During the Gold Rush years of nearby Cripple Creek, the Midland was constructed from Colorado Springs via Ute Pass to Cripple Creek to regularly transport passengers and goods to the goldfields from 1893-1931.  The eastern section of the loop trail remained exposed until the trail began to head west back towards the treeline:

At the treeline there was an old cabin that could be seen:

The cabin was actually quite large and I wondered if this was used as a barn?

The cabin did have an excellent view of Pikes Peak though:

From the cabin I descended down a hill through the trees and noticed what appeared to be mountain lion footprints in the snow:

Whenever I go hiking I always carry a knife with me just in case I have a run in with a mountain lion.  Fortunately it has never happened and hopefully it stays that way.  Anyway I eventually came out of the trees and the old Cheesman Ranch came into view in front of me:

I looked on the Internet for information on the history of Cheesman Ranch, but I could not find anything.  All I can tell you about the Cheesman Ranch that it is one of the 10 ranch properties that Mueller bought over the decades as he expanded his own ranch land.  If anyone knows anything about who the Cheesman family was please leave a comment.  Anyway here is a closer look at the ranch’s barn:

The state park service has done a good job with maintaining the barn so park visitors can appreciate how people ranched in the high country decades ago.  Here is also a closer look at the house:

It is pretty amazing how small the houses were a hundred years ago especially when a large family probably lived in it.  Considering how the homes were depended on a fireplace for heat the smaller structures were definitely easier to keep warm in such a cold climate.  After spending a few minutes pondering what the lives of the people who lived in this ranch were like, I then began to continue west on the trail where I went up a small hill that had a nice view of the ranch:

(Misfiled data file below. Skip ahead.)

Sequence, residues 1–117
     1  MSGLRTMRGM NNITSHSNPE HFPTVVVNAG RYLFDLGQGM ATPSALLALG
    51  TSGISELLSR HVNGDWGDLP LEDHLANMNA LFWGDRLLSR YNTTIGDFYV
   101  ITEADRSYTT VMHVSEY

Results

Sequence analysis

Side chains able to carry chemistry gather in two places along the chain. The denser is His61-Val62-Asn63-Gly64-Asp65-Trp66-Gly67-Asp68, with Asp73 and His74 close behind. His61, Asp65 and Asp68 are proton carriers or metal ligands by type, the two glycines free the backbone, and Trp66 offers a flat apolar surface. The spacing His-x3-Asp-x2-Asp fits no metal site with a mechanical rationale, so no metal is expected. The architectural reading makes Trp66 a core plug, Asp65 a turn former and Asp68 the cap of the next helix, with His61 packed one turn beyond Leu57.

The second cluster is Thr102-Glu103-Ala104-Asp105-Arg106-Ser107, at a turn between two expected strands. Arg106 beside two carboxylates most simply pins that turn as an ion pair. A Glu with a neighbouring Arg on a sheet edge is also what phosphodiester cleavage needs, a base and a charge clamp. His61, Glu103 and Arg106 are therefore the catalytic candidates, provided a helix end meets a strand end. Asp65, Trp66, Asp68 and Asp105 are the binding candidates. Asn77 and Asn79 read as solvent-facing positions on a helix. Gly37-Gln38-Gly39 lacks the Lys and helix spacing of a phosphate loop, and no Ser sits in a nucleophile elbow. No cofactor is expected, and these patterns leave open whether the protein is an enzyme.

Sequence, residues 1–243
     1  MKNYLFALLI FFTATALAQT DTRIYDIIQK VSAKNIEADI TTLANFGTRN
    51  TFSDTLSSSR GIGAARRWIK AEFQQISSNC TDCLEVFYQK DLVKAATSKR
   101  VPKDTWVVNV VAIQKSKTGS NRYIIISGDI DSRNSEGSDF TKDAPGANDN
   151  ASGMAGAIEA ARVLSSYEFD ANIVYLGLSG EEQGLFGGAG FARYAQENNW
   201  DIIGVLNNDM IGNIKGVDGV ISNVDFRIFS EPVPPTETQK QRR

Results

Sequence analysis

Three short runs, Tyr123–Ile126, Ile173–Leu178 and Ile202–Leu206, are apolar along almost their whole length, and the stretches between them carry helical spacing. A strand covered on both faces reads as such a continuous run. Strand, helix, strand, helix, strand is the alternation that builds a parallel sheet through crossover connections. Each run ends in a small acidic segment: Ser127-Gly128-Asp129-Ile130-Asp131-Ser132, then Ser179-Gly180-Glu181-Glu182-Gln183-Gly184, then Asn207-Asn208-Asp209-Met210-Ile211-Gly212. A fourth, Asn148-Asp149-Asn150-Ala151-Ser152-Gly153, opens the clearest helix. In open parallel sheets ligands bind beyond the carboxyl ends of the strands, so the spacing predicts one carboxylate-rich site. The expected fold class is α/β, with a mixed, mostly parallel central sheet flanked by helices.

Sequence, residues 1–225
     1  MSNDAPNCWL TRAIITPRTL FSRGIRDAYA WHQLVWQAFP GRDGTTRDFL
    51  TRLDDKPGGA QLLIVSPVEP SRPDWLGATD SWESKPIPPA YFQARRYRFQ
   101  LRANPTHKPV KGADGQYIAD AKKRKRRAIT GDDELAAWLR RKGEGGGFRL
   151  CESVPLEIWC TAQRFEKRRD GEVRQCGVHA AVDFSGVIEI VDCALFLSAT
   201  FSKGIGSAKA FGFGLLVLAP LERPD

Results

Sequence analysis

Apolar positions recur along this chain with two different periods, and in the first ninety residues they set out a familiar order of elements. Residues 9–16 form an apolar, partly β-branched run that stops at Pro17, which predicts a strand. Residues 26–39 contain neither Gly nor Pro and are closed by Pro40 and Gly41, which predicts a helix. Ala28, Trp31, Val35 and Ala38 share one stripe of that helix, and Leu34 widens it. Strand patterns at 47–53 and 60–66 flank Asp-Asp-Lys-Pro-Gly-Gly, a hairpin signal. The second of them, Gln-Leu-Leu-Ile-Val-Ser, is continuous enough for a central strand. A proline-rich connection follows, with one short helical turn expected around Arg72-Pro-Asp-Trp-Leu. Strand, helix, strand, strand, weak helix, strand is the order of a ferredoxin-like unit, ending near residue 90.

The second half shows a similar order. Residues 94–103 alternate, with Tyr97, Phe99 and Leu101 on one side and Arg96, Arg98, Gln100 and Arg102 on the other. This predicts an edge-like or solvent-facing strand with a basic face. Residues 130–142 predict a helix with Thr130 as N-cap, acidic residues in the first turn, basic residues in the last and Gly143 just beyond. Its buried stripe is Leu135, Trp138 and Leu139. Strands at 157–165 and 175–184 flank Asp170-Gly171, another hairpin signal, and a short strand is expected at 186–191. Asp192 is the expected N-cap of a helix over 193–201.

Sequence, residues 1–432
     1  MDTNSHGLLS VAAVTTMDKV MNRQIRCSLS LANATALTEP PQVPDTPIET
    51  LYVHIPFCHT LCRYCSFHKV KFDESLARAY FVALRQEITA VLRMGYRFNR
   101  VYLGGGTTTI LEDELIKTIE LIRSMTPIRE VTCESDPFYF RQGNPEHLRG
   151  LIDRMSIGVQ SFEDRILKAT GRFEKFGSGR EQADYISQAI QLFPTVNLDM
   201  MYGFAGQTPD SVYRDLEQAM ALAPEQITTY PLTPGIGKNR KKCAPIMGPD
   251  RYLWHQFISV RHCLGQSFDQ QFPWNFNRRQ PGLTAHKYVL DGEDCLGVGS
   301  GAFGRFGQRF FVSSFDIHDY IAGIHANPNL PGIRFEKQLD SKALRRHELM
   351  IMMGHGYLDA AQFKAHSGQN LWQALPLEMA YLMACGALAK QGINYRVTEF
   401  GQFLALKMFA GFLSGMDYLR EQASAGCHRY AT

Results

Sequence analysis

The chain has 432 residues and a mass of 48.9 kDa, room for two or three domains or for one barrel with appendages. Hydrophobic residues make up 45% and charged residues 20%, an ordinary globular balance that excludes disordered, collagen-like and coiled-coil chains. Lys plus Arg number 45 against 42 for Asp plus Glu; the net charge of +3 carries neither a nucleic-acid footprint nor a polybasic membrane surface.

Eventually the trail began to head south and back towards the trees:

Once I entered the trees this became the most difficult portion of the hike.  For most of the hike I had slowly descended down hill from the trailhead.  This is the portion of the hike that is all uphill and regains over 500 feet of altitude:

Since the trail was heavily forested with pine trees this section of the trail had by far the most snow.  It is also here where I saw the only other people on the trail which were two different couples snowshoeing in the opposite direction and another couple that were skiing down the hill.  By the time I got up to the top of the hill I was actually pretty tired and sat down on a dead log in order to rest a bit and take in the views of Pikes Peak:

I sat on that log for about 20 minutes resting and eating lunch and then began the short walk back to the trailhead.  Along this section of the hike I had plenty of views to enjoy of the always impressive Pikes Peak:

Once I got back to my truck I was rewarded with one final view of the beautiful Sangre De Cristo Mountain Range that rises to the south of Mueller State Park:

Conclusion

Once again I had another great visit to Mueller State Park.  The Cheesman Ranch Trail was the longest hike I completed in the park as well as the longest snowshoe route I have done to date.  For people looking to do just one long hike in the park I recommend this trail because it has points where you can take in views of the surrounding area, especially of Pikes Peak while also allowing visitors to experience the surrounding forest, and even get a taste of the park’s historical past.